I agree, this *is* truly the crux.  It's crucial to map the overlap of  
people/institutions and ask ourselves who's setting the agenda, who's  
controlling the funding and whose *corner* of art world is being  
represented, and moreover, what do these representations make  
impossible, meaning what do they render invisible.


> They same is true, no doubt, if you take ars electronica,
> transmediale and ISEA, plus Leonardo, Neural, Rhizome and Nettime,
> ZKM and ICC Tokyo, and pin down the system "media art". But just
> as that latter system is now being - deservedly - questioned and
> undergoing a huge if not terminal structural crisis, I think it is
> as legitimate to question the contemporary Fine Art system, and the
> Western concept of autonomous art.

It's absolutely legitimate to question art's autonomy, and it's been
happening for some time now. Besides the previous examples listed
above, recently there has been much debate about the proliferation of
biennials how art feeds into a neoliberal agenda.

> So, going back to Geert's initial report about the discussion about
> the crisis of "Media Art" at Montevideo Amsterdam, I think that it
> can't be a solution to integrate a very questionable "media art"
> system into an equally questionable contemporary art system. [As it
> is now happening, in education, too, for example in the Zurich art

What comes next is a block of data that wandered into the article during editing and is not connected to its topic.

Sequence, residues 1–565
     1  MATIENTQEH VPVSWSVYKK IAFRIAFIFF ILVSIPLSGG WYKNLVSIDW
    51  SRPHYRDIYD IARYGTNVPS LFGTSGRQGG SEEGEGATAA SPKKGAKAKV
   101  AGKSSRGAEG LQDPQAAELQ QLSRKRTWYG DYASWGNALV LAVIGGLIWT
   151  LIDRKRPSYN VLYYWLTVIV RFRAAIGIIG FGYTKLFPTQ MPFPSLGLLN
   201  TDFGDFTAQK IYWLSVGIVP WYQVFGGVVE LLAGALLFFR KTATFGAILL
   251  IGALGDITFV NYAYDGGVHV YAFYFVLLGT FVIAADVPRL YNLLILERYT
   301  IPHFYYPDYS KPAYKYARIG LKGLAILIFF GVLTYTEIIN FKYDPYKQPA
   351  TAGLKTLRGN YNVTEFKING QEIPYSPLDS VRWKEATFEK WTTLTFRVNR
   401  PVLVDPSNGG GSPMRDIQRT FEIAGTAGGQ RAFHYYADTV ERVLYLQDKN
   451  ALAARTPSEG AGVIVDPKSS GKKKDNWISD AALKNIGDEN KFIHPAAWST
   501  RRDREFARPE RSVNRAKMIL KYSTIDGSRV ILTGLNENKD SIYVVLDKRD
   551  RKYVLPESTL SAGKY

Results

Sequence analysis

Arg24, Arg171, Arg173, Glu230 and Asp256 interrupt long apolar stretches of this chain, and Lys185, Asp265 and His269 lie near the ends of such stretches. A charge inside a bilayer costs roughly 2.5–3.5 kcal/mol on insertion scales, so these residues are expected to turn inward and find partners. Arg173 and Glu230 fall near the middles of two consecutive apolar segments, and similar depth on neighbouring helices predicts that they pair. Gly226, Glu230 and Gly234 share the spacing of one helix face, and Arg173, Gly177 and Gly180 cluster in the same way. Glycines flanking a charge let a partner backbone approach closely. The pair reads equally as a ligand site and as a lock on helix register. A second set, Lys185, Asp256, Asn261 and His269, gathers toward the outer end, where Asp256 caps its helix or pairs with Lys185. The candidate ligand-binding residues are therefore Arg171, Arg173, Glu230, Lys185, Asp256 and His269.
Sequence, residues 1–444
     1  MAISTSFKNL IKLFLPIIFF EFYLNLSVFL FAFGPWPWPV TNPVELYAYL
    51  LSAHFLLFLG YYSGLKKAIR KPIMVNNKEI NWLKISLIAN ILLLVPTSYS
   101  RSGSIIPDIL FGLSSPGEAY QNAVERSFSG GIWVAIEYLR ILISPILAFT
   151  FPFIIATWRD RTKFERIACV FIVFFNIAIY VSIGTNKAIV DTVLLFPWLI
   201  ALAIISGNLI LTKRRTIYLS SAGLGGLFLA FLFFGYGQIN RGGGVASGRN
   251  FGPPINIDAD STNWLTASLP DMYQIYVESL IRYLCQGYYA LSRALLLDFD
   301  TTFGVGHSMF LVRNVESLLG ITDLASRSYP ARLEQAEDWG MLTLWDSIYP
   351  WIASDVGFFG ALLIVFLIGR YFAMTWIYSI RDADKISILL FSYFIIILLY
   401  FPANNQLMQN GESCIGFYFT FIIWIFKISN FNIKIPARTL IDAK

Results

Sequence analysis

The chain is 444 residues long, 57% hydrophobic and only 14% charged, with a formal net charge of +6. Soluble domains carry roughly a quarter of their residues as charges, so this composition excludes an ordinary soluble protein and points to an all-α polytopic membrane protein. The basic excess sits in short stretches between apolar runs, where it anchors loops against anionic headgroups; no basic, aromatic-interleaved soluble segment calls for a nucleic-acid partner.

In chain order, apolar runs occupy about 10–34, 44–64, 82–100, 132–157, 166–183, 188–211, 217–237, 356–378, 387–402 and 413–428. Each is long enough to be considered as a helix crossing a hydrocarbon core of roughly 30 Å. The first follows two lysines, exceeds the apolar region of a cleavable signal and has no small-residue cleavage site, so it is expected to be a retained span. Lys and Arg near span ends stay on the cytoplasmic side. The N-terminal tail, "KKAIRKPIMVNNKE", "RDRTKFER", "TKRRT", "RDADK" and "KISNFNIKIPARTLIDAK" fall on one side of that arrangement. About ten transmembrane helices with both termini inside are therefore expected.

> school media department where Felix Stalder teaches, and where the
> media programme has been rolled back into Fine Art on the Master
> level.]

In many respects this cycle has happened to photography (remember
when John Tagg wrote that no history of art photography could be
written without taking into account, pornography, daguerreotypes,
propaganda and family snapshots.) Or video's roots in activism,
home videos, street journalism (Martha Rosler's essay: Shedding the
Utopian Moment).... there's much to learn from these histories of
assimilation. It's important to look at how institutionalization
"tames" media...disciplines the discipline. But while questioning the
systems of Fine Art, Media Art etc, I think as producers, viewers,
educators and implicated accomplices, it's imperative to ask what do
we want to see happen or change.

As a graduate student in the eighties, I was taught by Harmony
Hammond, a painter and co-founder of Heresies. In her painting
class, she reserved time to present her personal collection of
artists' works she felt were under-represented by the mainstream art
world. It was a small but extremely powerful gesture. Eventually, in
2000 the collection was published under the title, Lesbian Art in
America: A Contemporary History. I learned much from Harmony, but
the most influential part of her teaching was watching her practice
*otherwise*.

So in this context, I'm asking myself how can I/we practice
*otherwise* and how might that *doing* nudge or broaden the scope of
dominant discourses and visual regimes.

best,

Renee
http://www.geuzen.org/
http://www.fudgethefacts.com/